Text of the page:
Economic reforms without a robust agricultural growth may not have reduced urban poverty
Reduction of inequality may not result in the elimination of poverty.
The experience of poverty for an individual is not necessarily the same as that of inequality, and poverty reduction often requires particular attention.
Inequality can be reduced by taxing the rich, a form of ‘levelling down’, but poverty can be permanently eliminated only by raising the incomes of the poor, a form of ‘levelling up’.
The scale of poverty in India remains massive. The Planning Commission had estimated it at 363 million in 2011-12 ( Report of the Expert Group to Review the Methodology for Measurement of Poverty
Factoring in fluctuations
It is important though to see the recorded fluctuations in poverty in perspective. Poverty estimates appear at intervals that are not always uniform, and are influenced by the prevailing prices as consumption expenditure is adjusted for price movements.
The relative roles of the reforms and agricultural growth in driving poverty-reduction after 1991 are clear from the differential trends of rural and urban poverty. It is only after 2004-05 that we see for the first time ever a reduction in the number of the urban poor.
Till that date this figure has steadily risen while rural poverty had resumed its downward trend after 1993-94 itself. This places the role of the reforms in perspective. The economic reforms had mainly focussed on trade, industry and financial sector reforms. Activity in these sectors is mostly based in urban areas.
For well over a decade after 1991 it had not succeeded in reducing the number of urban poor. It is only after the agricultural sector began to grow faster from around the middle of the next one that the number of urban poor begins to decline.
It occurs when resources in a given society are distributed unevenly, typically through norms of allocation, that engender specific patterns along lines of socially defined categories of persons. It is the differentiation preference of access of social goods in the society brought about by power, religion, kinship, prestige, race, ethnicity, gender, age, sexual orientation, and class. The social rights include labor market, the source of income, health care, and freedom of speech, education, political representation, and participation.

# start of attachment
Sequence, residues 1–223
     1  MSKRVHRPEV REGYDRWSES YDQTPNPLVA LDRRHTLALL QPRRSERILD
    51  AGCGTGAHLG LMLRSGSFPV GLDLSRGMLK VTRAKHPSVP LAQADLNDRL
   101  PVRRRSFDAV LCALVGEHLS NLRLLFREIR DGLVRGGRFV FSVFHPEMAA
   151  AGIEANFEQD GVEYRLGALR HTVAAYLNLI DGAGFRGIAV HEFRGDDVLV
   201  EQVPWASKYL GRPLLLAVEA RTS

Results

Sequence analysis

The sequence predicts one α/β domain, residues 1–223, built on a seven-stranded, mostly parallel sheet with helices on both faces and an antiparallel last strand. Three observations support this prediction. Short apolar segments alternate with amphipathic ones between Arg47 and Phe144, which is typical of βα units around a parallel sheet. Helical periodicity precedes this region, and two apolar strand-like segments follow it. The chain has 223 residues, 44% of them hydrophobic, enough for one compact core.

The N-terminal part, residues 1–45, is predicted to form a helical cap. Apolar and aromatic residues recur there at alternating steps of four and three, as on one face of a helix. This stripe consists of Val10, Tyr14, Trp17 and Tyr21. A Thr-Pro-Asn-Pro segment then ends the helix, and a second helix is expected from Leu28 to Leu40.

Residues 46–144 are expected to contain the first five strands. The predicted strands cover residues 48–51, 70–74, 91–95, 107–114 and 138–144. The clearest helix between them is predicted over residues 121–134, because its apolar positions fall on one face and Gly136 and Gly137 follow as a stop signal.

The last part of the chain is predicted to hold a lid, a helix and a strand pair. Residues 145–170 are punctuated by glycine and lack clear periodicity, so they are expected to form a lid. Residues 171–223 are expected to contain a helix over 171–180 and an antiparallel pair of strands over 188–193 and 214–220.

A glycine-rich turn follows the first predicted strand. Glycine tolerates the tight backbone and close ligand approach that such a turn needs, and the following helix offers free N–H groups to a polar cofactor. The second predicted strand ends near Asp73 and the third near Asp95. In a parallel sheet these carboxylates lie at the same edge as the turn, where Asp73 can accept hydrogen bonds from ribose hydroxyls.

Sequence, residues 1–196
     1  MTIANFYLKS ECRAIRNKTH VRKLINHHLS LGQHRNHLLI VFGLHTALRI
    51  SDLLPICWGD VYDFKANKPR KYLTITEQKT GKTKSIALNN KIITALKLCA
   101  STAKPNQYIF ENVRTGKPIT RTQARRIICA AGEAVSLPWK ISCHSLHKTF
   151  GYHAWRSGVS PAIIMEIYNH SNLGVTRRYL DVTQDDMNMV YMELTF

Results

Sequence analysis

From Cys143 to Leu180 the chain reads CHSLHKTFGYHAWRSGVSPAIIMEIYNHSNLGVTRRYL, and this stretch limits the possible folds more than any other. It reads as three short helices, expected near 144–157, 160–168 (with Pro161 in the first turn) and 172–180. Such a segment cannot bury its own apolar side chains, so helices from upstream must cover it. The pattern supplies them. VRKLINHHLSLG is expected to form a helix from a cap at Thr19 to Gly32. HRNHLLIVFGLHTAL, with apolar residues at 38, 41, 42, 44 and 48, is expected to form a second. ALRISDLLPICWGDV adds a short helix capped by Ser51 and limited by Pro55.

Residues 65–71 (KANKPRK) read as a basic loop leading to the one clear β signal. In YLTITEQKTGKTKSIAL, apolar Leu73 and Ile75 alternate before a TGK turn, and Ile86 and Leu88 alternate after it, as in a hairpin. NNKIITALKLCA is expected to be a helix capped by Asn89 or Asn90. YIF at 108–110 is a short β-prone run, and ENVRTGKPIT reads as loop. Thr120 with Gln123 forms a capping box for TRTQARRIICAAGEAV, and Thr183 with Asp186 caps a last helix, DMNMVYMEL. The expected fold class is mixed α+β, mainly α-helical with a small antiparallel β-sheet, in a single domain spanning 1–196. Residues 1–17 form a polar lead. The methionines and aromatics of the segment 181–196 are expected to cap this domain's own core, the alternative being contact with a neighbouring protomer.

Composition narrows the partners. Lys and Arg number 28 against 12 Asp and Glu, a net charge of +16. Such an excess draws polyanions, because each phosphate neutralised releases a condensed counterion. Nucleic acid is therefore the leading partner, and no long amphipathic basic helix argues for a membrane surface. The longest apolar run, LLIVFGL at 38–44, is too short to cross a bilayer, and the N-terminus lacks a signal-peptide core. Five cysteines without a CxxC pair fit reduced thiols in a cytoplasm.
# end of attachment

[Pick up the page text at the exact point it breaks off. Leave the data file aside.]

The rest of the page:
Social inequality linked to Economic inequality, usually described on the basis of the unequal distribution of income or wealth, is a frequently studied type of social inequality. Though the disciplines of economics and sociology generally use different theoretical approaches to examine and explain economic inequality, both fields are actively involved in researching this inequality. However, social and natural resources other than purely economic resources are also unevenly distributed in most societies and may contribute to social status. Norms of allocation can also affect the distribution of rights and privileges, social power, access to public goods such as education or the judicial system, adequate housing, transportation, credit and financial services such as banking and other social goods and services.
What is poverty?
Poverty is about not having enough money to meet basic needs including food, clothing and shelter. However, poverty is more, much more than just not having enough money.
The World Bank Organization describes poverty in this way
“Poverty is hunger. Poverty is lack of shelter. Poverty is being sick and not being able to see a doctor. Poverty is not having access to school and not knowing how to read. Poverty is not having a job, is fear for the future, living one day at a time.
Poverty has many faces, changing from place to place and across time, and has been described in many ways. Most often, poverty is a situation people want to escape. So poverty is a call to action — for the poor and the wealthy alike — a call to change the world so that many more may have enough to eat, adequate shelter, access to education and health, protection from violence, and a voice in what happens in their communities.”
In addition to a lack of money, poverty is about not being able to participate in recreational activities; not being able to send children on a day trip with their schoolmates or to a birthday party; not being able to pay for medications for an illness. These are all costs of being poor. Those people who are barely able to pay for food and shelter simply can’t consider these other expenses. When people are excluded within a society, when they are not well educated and when they have a higher incidence of illness, there are negative consequences for society. We all pay the price for poverty. The increased cost on the health system, the justice system and other systems that provide supports to those living in poverty has an impact on our economy.